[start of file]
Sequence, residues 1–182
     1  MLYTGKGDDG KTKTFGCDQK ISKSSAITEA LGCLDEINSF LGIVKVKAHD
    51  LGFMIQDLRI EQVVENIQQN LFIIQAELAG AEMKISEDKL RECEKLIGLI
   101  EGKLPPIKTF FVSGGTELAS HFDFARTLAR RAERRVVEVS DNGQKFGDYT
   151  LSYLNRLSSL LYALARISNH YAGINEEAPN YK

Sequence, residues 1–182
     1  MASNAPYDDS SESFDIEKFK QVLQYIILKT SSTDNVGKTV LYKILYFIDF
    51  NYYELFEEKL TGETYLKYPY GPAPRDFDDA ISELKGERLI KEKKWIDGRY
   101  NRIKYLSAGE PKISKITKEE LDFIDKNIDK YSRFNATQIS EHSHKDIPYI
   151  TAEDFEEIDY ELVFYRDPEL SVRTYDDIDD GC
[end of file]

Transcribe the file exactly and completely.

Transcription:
Sequence, residues 1–182
     1  MLYTGKGDDG KTKTFGCDQK ISKSSAITEA LGCLDEINSF LGIVKVKAHD
    51  LGFMIQDLRI EQVVENIQQN LFIIQAELAG AEMKISEDKL RECEKLIGLI
   101  EGKLPPIKTF FVSGGTELAS HFDFARTLAR RAERRVVEVS DNGQKFGDYT
   151  LSYLNRLSSL LYALARISNH YAGINEEAPN YK

Sequence, residues 1–182
     1  MASNAPYDDS SESFDIEKFK QVLQYIILKT SSTDNVGKTV LYKILYFIDF
    51  NYYELFEEKL TGETYLKYPY GPAPRDFDDA ISELKGERLI KEKKWIDGRY
   101  NRIKYLSAGE PKISKITKEE LDFIDKNIDK YSRFNATQIS EHSHKDIPYI
   151  TAEDFEEIDY ELVFYRDPEL SVRTYDDIDD GC